Source AP ©

Massachusetts's state prison system violates stretch

Massachusetts' state prison system proved to hold at least 14 inmates beyond their release dates, including one man who was jailed four years too long.

The Department of Correction in some cases failed to comply with a court order that modifies some sentences for time spent on parole, and otherwise relied on an inadequate computer system that tracks time served and good behavior credits, or simply botched the math, The Boston Sunday Globe reported.

"It's absolutely stunning incompetence," said James Pingeon, director of litigation for Massachusetts Correctional Legal Services.

Rommel Jones was released from prison in July 2006, four years after his sentence was completed. The 40-year-old was first arrested for shoplifting at age 17, and spent years in an out of prison, often returning because of possession of drugs.

Jones, diagnosed with schizophrenia in 1997, was unaware that his sentence was up in 2002, when he was denied parole.

The Department of Correction initially told the Globe that Jones' error was a bookkeeping anomaly. It later acknowledged it to be a serious error.

However, the department never told Jones of the mistake, even after releasing him last July. Jones learned of the mistake from a Globe reporter.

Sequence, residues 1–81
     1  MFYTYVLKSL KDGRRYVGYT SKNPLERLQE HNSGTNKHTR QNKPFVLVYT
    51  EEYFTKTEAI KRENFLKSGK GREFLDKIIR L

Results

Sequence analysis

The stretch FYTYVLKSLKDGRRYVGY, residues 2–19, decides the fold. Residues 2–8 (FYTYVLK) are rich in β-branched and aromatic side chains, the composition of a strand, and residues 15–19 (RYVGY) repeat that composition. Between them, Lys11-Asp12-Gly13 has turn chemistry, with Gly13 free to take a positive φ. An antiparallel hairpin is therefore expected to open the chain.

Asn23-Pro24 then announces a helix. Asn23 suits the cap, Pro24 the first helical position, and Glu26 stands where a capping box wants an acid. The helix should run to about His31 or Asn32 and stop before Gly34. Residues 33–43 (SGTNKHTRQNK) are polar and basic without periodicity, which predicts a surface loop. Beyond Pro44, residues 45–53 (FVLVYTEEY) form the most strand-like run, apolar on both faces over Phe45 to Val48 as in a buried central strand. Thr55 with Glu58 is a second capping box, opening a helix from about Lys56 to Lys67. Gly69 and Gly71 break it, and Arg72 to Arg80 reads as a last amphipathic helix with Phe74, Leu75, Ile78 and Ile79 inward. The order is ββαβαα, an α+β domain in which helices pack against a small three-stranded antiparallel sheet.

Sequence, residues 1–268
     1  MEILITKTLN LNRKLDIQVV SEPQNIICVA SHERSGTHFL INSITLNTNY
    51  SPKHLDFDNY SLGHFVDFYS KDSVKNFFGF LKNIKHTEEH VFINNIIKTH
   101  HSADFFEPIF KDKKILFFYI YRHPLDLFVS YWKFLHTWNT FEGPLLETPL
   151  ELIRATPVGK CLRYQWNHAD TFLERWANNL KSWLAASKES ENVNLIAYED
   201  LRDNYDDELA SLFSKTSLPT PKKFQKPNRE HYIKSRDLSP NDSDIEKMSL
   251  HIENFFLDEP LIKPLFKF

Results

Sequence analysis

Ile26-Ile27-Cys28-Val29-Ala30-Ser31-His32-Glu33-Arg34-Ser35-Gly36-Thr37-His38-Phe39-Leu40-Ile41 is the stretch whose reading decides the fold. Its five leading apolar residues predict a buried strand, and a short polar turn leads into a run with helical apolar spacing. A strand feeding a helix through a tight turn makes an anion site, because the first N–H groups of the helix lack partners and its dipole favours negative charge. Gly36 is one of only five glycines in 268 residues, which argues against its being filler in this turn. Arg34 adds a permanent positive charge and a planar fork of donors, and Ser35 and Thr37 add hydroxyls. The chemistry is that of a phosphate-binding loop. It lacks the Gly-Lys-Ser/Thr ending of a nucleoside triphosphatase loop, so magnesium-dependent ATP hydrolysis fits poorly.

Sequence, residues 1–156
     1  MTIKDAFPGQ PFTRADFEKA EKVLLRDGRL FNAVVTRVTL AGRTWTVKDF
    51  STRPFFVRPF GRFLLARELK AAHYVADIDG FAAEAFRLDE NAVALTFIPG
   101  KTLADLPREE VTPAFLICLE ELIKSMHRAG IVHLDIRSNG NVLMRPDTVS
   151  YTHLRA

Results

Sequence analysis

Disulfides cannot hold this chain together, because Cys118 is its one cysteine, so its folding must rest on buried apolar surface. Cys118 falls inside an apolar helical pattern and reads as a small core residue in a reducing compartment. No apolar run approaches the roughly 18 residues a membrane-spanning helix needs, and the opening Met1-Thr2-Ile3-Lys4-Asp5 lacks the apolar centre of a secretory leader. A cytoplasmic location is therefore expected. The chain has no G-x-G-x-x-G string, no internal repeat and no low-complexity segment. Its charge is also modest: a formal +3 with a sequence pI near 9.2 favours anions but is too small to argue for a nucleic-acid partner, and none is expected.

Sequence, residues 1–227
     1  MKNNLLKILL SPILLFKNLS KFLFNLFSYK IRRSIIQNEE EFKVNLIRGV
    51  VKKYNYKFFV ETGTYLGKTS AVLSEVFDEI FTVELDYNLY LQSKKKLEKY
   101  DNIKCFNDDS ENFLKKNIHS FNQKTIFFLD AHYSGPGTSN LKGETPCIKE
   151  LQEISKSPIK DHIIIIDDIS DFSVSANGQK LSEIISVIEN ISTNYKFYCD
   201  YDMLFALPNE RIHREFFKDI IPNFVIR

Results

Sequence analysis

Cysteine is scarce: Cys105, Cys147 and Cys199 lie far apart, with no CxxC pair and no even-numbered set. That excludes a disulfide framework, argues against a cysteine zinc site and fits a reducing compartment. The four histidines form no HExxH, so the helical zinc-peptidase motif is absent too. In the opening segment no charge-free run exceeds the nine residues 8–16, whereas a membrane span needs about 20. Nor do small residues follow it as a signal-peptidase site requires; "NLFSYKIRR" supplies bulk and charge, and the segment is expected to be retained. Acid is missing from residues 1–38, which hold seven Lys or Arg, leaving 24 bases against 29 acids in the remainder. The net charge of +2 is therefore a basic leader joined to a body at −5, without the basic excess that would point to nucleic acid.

DOC Commissioner Kathleen Dennehy, who is leaving her post next month to take a job in the Bristol County Sheriff's office, said Jones' mental illness would have made it difficult for him to understand what happened.

"I think we could have been criticized for explaining this to someone ... with the history of mental illness that this individual has," she said.

Jones, who missed his mother's wake and lost contact with his daughter in the four years he spent wrongly held, called Dennehy's explanation "horrible."

"That's one of the saddest excuses that I've ever heard," he said. "All she had to do is just try me. I'm more intelligent than they know."

Dennehy, in sworn testimony in 2005, said the sentence tracking system has flaws.

"I think it is fair to call is a mess," she said in testimony for a whistleblower lawsuit brought by a department employee who complained she was transferred in retaliation for raising concerns about the inadequate tracking system.

Prison officials said they have reviewed their records to make sure no one else is affected. Dennehy said in a memo last week to new Public Safety Secretary Kevin Burke that the department's technology staff is studying how to avoid similar errors.